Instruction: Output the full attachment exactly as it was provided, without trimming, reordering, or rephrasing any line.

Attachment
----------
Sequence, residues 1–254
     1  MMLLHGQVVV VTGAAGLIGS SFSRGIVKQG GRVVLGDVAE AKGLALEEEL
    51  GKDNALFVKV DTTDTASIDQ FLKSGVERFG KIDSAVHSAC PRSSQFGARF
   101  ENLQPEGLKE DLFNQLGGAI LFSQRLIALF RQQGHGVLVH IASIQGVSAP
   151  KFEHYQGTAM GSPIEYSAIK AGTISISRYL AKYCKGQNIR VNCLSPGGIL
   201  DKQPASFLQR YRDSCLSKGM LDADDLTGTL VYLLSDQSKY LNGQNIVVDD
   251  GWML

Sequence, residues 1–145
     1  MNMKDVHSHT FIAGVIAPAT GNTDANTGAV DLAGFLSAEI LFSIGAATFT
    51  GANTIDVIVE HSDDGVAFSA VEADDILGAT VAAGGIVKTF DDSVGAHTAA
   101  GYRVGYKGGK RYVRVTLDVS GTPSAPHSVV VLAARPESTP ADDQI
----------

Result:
Sequence, residues 1–254
     1  MMLLHGQVVV VTGAAGLIGS SFSRGIVKQG GRVVLGDVAE AKGLALEEEL
    51  GKDNALFVKV DTTDTASIDQ FLKSGVERFG KIDSAVHSAC PRSSQFGARF
   101  ENLQPEGLKE DLFNQLGGAI LFSQRLIALF RQQGHGVLVH IASIQGVSAP
   151  KFEHYQGTAM GSPIEYSAIK AGTISISRYL AKYCKGQNIR VNCLSPGGIL
   201  DKQPASFLQR YRDSCLSKGM LDADDLTGTL VYLLSDQSKY LNGQNIVVDD
   251  GWML

Sequence, residues 1–145
     1  MNMKDVHSHT FIAGVIAPAT GNTDANTGAV DLAGFLSAEI LFSIGAATFT
    51  GANTIDVIVE HSDDGVAFSA VEADDILGAT VAAGGIVKTF DDSVGAHTAA
   101  GYRVGYKGGK RYVRVTLDVS GTPSAPHSVV VLAARPESTP ADDQI